What contribution will this extraordinary family synod give to LGBT situation? Interview with Francis De Bernardo (New Ways Ministry, U.S.)

By Silvia Lanzi (Progetto Gionata)

Francis De Bernardo studied at the University of Maryland (U.S.) and has published articles and book reviews on religious and secular themes. He presented also scholarly papers at universities and various organizations. He delivered a keynote presentation at the Conference on Religion and Homosexuality at the first World Pride Week in Rome (2000).
Francis DeBernardo is executive director of New Ways Ministry, a gay positive ministry of advocacy and justice for lesbian, gay, bisexual and transgender (LGBT) Catholics. And he also answered my questions.

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New Ways Ministry has been fighting for 40 years for the inclusion of LGBT people within RCC. How have your pastoral action and strategy changed during these years?

We’ve experienced a number of changes. In the beginning, our educational work was very basic. Many people didn’t have the first clue about LGBT people and what their lives were like. So we did a lot of awareness-raising and providing people with good information to dispel their myths and stereotypes.
In the 1970s and 1980s, there was also more of an openness to discussing LGBT issues on the part of the bishops. Many bishops made positive statements about LGBT people back then. In fact, the first diocesan ministry to LGBT people in the United States was established in 1976, and many others quickly followed.
But with the papacy of John Paul II, the church’s leadership changed radically and more conservative bishops were appointed in the U.S. By the mid-1990s, our work became more difficult because these new bishops were discouraging, and in some cases prohibiting, their pastoral ministers to become involved with LGBT ministry.
Now the general Catholic population is much more educated and aware of LGBT people, so the need for basic education is much less. So, we focus now on more of the more complicated theological questions like marriage and adoption issues. We have also started educational programs around transgender issues because these have come to the forefront of the discussions here in the U.S., and many people have questions about these topics.
Some things have remained the same. We still push for parishes and dioceses to start pastoral ministry with LGBT people, and we provide resources and trainings for those interested.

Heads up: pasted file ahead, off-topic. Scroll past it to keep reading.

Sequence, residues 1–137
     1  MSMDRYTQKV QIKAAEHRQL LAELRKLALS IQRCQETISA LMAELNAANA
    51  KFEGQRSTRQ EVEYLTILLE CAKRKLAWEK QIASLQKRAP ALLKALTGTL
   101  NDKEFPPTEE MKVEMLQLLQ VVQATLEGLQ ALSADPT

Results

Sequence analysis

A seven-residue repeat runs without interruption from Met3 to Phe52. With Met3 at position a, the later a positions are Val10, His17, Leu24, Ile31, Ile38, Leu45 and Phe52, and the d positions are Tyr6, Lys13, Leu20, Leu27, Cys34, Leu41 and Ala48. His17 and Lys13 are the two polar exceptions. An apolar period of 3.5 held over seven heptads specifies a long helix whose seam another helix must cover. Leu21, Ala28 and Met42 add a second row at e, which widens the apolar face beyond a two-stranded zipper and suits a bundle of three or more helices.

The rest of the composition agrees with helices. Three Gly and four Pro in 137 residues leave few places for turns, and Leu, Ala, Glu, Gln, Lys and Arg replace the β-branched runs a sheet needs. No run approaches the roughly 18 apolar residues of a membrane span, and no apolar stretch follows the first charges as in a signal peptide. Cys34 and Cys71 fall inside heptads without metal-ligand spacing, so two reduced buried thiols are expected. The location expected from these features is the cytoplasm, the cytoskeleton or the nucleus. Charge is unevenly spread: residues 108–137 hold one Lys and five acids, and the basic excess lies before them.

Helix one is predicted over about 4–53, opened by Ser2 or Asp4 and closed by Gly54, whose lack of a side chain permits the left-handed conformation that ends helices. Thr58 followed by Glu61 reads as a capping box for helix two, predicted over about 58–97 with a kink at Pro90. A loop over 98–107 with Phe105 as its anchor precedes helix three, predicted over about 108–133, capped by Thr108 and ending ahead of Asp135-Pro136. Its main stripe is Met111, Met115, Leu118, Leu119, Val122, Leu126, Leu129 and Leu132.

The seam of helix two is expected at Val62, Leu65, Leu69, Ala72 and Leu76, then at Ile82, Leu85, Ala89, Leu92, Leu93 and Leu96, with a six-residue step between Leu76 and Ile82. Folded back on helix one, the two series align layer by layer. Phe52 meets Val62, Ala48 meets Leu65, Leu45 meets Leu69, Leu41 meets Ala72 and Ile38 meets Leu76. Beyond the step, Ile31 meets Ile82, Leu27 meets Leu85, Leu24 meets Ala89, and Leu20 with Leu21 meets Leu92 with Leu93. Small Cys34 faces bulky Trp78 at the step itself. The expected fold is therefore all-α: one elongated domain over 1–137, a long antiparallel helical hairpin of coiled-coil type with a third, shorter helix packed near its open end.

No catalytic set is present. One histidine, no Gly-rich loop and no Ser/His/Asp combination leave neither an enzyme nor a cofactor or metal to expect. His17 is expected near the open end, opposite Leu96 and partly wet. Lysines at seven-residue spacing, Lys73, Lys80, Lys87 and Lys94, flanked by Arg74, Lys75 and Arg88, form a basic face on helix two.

With the papacy of Pope Francis, we are beginning to see a little more of an opportunity in that Church ministers are no longer afraid to discuss LGBT concerns. Pope Francis’ example has empowered them.

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NWM’s founders have had quite a few problems with the Vatican ruled by Benedict XVI. How is the relation now?

New Ways Ministry does not have much interaction with the Vatican. In 1999, our co-founders, Sister Jeannine Gramick and Father Robert Nugent, were ordered by the Vatican to leave pastoral ministry with lesbian and gay people. Fr. Nugent obeyed, and so there was no further interaction with him. He passed away in January of this year. Sister Jeannine decided not to comply with the Vatican’s directive because she felt that the decision and the investigation process were unjust. So, she continued her pastoral ministry of education and advocacy, although she left the School Sisters of Notre Dame and joined the Sisters of Loretto, who are more supportive of her work. The Sisters of Loretto have received several complaints from the Vatican about Sister Jeannine, but nothing has happened because of these complaints, and Sister Jeannine continues her outreach.
In February 2015, Sister Jeannine will be leading a pilgrimage of LGBT Catholics and their supporters to Rome, Assisi, and Florence. We will be attending the Wednesday papal audience when we are there, and we plan to write to the Vatican to see if Pope Francis would meet with us. With this pope, you never know what might happen!

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Does the distance from Rome make American RCC a little more autonomous?

Not really. In some ways the situation here is worse than if we were in Italy because so many of the American bishops are arch-conservative and who follow the letter of the Roman law more so than do bishops in other countries. A number of bishops here have expressed some disagreement with Pope Francis’ outreach to LGBT people and have tried to re-interpret his statements in the most conservative ways.

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What contribution will this extraordinary family synod give to LGBT situation?

I think this synod is a great opportunity for bishops to discuss LGBT people, relationships, and families. It is the first time the bishops are covering the topics of marriage and family in a synod since the question of legal marriages for gay and lesbian couples has become a reality. Many bishops from around the world have already publicly acknowledged that most Catholics do not accept the moral condemnation of loving, committed lesbian and gay relationships.
If these bishops are honest, I think they will realize that this rejection of the church’s teaching is not because people don’t understand it, but because Catholics of good faith have reflected prayerfully on their experiences of lesbian and gay people and couples and have witnessed something holy in their lives and commitment.

It’s also the first synod under Pope Francis. I think the bishops know that people around the world have responded positively to Francis’ new, welcoming approach to LGBT people. I think they will realize that any negative statements from the synod about lesbian and gay couples will alienate a great number of Catholics in the pews.

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